India’s government has instructed social media platforms such as YouTube and Facebook to control the amount of AI-generated deepfake content on their sites, according to reports from Reuters

Two sources reported to Reuters that the instruction had been given to social media platforms via a closed-door meeting with India’s IT Minister Rajeev Chandrasekhar. He stated that the social media platforms had not updated their terms of service to reflect this new technology. 

Deepfake technology uses generative AI to create images or videos of people, usually an impersonation. 

Most famously, deepfake technology was used to generate a video of Ukrainian president Volodymyr Zelenskyy appearing to surrender at the beginning of Russia’s invasion. 

Since then, deepfake technology has become more realistic, making it harder for social media users to determine if the content is genuine or synthetic. According to the sources that came forward to Reuters, Chandrasekhar was concerned about the impact of deepfake technology on younger social media users.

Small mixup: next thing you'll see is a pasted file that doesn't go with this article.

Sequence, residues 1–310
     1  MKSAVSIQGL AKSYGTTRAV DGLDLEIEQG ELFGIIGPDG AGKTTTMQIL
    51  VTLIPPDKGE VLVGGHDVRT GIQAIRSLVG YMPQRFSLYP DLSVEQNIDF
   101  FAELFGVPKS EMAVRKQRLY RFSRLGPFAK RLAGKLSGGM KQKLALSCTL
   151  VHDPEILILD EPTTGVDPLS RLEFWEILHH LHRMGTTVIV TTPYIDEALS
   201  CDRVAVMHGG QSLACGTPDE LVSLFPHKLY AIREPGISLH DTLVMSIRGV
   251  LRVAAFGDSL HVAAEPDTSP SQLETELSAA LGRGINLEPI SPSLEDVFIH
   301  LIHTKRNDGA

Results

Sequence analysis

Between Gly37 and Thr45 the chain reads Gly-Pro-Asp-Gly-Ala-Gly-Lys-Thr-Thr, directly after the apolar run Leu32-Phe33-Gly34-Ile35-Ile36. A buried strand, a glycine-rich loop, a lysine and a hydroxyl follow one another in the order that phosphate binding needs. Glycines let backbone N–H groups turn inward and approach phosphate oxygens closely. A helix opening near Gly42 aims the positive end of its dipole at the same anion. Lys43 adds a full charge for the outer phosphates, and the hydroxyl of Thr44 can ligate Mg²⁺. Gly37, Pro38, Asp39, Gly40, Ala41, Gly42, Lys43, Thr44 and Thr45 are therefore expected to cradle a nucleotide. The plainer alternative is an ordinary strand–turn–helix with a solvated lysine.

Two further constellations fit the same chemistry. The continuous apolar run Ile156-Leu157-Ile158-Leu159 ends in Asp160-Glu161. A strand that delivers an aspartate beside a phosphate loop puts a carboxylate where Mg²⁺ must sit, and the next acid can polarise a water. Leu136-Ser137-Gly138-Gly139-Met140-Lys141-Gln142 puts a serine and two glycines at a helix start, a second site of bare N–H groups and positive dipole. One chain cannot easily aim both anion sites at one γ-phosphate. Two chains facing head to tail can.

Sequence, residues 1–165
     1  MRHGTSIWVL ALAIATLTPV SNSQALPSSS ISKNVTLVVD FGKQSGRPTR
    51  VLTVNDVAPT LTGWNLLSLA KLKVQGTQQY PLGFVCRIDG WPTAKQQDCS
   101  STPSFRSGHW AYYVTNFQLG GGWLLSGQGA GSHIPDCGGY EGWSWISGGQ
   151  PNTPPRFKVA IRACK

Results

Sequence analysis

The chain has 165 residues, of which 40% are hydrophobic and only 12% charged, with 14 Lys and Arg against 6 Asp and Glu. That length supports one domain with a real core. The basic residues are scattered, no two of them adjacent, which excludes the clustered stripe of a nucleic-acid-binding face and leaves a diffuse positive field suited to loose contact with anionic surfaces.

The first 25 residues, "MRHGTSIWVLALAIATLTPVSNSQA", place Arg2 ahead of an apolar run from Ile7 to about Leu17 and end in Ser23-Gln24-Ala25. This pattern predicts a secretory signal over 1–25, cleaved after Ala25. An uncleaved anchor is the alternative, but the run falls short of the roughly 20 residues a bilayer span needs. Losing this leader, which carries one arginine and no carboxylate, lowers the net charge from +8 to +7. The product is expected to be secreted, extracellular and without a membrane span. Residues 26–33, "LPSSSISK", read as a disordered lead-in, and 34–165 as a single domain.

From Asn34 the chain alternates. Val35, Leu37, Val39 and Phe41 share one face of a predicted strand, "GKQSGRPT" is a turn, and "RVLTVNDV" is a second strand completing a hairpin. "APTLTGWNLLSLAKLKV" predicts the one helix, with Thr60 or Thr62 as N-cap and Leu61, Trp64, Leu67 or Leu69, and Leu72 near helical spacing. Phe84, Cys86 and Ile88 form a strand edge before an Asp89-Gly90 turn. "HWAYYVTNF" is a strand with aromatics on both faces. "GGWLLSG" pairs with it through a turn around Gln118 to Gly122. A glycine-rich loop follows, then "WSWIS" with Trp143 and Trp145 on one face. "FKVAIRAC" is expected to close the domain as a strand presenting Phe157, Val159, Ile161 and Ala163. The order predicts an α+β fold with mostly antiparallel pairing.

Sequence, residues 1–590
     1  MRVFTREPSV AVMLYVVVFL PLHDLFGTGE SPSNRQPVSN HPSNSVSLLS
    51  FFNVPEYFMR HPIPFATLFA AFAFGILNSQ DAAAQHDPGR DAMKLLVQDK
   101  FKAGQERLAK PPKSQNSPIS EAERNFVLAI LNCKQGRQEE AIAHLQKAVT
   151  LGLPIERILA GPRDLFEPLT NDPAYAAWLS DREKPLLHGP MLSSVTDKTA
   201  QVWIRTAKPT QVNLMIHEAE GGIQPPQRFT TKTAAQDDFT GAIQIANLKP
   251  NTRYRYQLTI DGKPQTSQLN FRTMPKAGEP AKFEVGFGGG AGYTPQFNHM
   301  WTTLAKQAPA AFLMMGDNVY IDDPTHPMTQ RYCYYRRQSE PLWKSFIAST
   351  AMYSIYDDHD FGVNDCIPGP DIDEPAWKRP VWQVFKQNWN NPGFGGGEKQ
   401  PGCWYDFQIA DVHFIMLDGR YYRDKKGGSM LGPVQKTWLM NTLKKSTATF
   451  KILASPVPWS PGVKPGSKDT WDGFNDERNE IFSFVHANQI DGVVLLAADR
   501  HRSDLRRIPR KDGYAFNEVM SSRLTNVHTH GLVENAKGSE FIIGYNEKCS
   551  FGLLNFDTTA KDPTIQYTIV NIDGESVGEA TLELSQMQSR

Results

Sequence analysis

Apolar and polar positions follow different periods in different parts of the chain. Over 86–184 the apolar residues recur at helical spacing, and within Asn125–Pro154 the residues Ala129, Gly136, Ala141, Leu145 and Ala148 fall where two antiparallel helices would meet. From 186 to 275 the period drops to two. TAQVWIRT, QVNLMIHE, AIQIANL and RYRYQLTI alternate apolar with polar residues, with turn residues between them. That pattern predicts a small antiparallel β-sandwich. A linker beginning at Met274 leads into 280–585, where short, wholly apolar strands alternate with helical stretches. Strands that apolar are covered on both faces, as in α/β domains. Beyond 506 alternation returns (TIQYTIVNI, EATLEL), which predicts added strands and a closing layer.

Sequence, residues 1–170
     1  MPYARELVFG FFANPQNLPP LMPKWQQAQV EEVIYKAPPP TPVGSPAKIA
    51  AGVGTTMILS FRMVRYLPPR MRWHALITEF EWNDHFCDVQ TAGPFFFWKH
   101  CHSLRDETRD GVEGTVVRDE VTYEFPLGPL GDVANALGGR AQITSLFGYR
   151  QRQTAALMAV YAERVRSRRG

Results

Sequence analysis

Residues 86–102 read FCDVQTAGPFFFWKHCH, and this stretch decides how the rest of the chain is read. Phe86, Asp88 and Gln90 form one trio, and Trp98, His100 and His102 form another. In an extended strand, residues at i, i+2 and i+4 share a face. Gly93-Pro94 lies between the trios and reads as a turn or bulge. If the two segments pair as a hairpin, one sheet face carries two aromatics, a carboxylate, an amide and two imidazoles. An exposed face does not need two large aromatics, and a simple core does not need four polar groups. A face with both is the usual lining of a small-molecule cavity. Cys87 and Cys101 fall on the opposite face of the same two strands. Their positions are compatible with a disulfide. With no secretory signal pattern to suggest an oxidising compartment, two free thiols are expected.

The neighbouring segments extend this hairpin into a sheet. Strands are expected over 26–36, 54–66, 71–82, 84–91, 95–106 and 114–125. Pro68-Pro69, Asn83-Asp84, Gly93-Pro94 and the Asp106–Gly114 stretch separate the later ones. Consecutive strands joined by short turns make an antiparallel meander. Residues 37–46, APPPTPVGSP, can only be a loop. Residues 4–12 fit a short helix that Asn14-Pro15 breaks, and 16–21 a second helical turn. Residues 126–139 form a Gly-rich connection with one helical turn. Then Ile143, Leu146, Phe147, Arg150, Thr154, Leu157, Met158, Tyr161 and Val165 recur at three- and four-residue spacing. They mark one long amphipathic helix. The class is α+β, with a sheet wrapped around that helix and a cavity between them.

Reuters’ report came soon after another one of India’s IT ministers addressed journalists on Thursday 23 November to state that its government was in the process of drafting legislation specifically around deepfakes. 

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By GlobalData

IT Minister Ashwini Vaishnaw stated that the Indian Government was close to completing its draft of the laws and advised reporters to expect them within a few weeks. 

Deepfake technology has severe implications for misinformation (such as the case of Zelenskyy’s deepfake), but also poses a credible threat to cybersecurity and the safety of women and children online. 

According to a 2021 report by law consultancy DAC Beachcroft, women make up 90% of deepfake victims. Politicians and public figures, by comparison, only accounted for 5% of cases they tracked. 

Online sexual harassment via AI-generated pornography depicting the women’s faces was the most common content that was created. 

In its 2023 thematic intelligence report into social media, research company GlobalData forecasts that misinformation will steadily increase due to the rise of easily available AI tools and geopolitical tensions.